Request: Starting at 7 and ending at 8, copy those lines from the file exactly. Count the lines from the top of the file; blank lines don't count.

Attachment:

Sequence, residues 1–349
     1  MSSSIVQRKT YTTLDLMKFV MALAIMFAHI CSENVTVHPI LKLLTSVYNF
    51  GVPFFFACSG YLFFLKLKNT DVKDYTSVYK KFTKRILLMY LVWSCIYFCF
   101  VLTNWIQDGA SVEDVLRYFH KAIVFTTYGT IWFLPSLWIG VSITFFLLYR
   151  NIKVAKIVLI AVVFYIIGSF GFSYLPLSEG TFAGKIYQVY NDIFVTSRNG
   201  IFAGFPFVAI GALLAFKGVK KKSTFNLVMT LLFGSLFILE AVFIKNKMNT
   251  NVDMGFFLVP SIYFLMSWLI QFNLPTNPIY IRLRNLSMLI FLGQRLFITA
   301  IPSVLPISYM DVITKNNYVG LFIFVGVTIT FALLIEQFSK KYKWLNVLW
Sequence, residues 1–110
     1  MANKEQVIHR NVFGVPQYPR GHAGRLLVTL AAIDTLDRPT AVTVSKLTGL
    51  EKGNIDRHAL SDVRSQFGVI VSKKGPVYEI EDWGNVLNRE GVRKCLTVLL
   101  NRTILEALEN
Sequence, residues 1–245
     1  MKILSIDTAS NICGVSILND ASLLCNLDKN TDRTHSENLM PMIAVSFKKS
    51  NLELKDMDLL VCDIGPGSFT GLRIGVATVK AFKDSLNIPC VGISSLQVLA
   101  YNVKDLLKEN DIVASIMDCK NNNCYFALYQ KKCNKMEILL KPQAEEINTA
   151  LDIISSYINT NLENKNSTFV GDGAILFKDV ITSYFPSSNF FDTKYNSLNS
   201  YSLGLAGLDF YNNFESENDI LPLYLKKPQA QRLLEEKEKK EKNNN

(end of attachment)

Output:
   251  NVDMGFFLVP SIYFLMSWLI QFNLPTNPIY IRLRNLSMLI FLGQRLFITA
   301  IPSVLPISYM DVITKNNYVG LFIFVGVTIT FALLIEQFSK KYKWLNVLW